This town ain’t big enough for the 10,094 of us

Okay, so here’s the deal: is kicking back and relaxing (if masochism is your idea of leisure) in the Bulgarian village of Borovets, some 50-odd miles (75km) south of the capital Sofia.

The can of Coke was how much? Give me a moment: I just need to remortgage my house.

You have my full understanding if the name draws a blank in your lexicon of famous winter resorts. Even though it’s the St Moritz (or Chamonix, or Garmisch) of Bulgarian snow sport, Bulgaria isn’t that big a country, so there not much competition for the top spot. Put another way, Borovets is to St Moritz what Brighton is to Monaco.

I likened it in an earlier post to the Wild West. It’s a hamlet, a bend in the road, which geography has blessed with a rich touristic seam of gold.

Borovets sits on the northern approaches to Bulgaria’s highest mountain, Musala. At a rounding error short of 3000m it casts a long shadow over its northern flank, gifting it a microclimate that leaves it frigid and snowbound in winter. Drive a mile out of town and there’s no more snow, no more gold rush.

The first time I made the journey here in the winter I thought climate change had cancelled the holiday. A chill wind whipped across the bleak forecourt outside Sofia airport, but that was it. This didn’t faze me: Sofia is a pretty big city, and such cities are often smothered in a grimy insulating fug. Aboard the shuttle bus the urban bleakness gave way to rural bleakness but the weather remained the same.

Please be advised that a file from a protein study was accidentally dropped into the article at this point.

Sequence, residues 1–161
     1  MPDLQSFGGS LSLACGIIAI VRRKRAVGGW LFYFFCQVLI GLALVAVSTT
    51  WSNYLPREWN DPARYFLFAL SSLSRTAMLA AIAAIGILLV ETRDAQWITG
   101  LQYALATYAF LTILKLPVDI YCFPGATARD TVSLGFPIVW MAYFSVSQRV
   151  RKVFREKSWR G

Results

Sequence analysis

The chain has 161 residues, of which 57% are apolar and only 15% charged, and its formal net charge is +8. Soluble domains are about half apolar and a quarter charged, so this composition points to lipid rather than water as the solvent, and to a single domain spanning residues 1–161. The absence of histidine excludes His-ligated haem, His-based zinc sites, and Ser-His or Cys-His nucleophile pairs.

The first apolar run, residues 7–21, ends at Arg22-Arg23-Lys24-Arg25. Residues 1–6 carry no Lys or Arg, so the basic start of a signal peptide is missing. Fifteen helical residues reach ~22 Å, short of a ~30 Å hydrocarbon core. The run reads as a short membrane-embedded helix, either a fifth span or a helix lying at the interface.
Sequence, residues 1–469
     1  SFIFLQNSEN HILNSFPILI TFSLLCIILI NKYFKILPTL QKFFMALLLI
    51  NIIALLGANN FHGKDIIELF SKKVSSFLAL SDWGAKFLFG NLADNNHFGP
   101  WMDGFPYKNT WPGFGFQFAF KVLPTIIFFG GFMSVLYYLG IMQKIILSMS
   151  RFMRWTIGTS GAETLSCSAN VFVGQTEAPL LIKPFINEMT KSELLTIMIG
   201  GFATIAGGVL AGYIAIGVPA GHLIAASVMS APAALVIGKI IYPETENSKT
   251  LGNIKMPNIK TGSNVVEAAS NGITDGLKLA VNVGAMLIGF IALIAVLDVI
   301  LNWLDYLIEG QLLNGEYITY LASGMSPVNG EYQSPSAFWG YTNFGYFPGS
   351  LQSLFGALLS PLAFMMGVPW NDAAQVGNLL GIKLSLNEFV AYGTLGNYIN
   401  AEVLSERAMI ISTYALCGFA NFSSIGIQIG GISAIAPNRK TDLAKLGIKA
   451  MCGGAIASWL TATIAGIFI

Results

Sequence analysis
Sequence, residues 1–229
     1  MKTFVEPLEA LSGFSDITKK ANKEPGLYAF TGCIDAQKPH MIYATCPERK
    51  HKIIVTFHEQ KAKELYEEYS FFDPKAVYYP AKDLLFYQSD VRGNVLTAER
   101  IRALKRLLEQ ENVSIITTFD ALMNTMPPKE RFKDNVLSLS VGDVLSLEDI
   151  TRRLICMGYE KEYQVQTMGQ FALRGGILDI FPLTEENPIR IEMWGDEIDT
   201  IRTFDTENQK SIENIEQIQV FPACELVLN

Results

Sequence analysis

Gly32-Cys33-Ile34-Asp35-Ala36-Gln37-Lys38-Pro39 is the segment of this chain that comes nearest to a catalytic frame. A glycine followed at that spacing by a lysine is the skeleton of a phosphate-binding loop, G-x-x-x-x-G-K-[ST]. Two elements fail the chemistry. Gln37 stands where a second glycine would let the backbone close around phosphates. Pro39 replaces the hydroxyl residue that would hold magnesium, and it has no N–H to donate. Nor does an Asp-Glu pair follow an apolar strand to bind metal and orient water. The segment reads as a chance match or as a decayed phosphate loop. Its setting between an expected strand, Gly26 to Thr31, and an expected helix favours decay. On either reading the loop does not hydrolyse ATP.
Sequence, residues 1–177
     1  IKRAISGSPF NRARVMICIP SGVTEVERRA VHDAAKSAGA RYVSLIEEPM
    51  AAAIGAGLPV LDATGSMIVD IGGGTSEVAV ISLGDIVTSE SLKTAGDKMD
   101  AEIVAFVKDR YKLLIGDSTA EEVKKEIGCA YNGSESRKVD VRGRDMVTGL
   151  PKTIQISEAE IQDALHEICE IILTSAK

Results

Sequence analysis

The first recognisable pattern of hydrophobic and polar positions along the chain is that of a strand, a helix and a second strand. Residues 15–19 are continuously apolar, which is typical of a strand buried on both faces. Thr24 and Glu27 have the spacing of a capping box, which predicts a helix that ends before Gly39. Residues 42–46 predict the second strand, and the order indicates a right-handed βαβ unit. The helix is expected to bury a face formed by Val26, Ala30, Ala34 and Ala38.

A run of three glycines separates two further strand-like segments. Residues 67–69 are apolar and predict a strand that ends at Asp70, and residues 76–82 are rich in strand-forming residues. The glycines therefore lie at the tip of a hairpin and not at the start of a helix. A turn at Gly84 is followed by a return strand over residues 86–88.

Even after unofficial road signs popped up, pointing the way to this or that hotel or restaurant, it could have been one of those days in London when sporadic 2cm patches of snow bring the transport infrastructure to its knees. We kept on trucking down the forest road at Bulgarian speeds as though it were midsummer.

A glorified shed in alpine style appeared: a restaurant. Then another, then an unbroken line of them. Some horses stood on the right, bored, chewing and ejecting their feed.

We had arrived.

As I said earlier, Borovets is on a bend in the road. In between the haphazard collection of lean-tos, mega sheds and mini villas are several low-rise hotels, punctuated opposite the main cabin lift by a hotel of astonishing architectural brutality.

Welcome to the Hotel Samokov. You’ll never leave!

This is the Hotel Samokov, giving a socialist middle finger to the puny capitalist sheds thrown up around it post-’89. I imagine it hosted commissars and ministers in its glory days, but now looks almost embarrassed still to be standing. I can bet the local government would dearly love to knock it down and start again, but a makeover will be all they can manage: there’s so much reinforced concrete in this building it will surely be a landmark in the desert once climate change puts a stop to the alpine fun.

Just a few reasons why indigenous folk are a little thin on the ground.

I’ll end with a nod to the title. A 2013 census put the population of Borovets at 94. Estimates from around the same time put the hotel capacity at 10,000. Since this place is currently heaving I suspect the natives are outnumbered 100 to 1.

Caffeine limit reached before dawn: a new record

It’s that most wonderful time of the year, when price-gouging airlines force legions of guilty parents to skip school early.

Tired and wired.

Household preparation for this recent addition to the family calendar begins shortly after Christmas. Our children start a new game, ‘suitcases’, which involves endless dry runs of baggage checks, and leaving small wheeled sit-on cases in doorways and hallways for their parents to trip on.

We heart budget airlines.
The joy of budget airlines.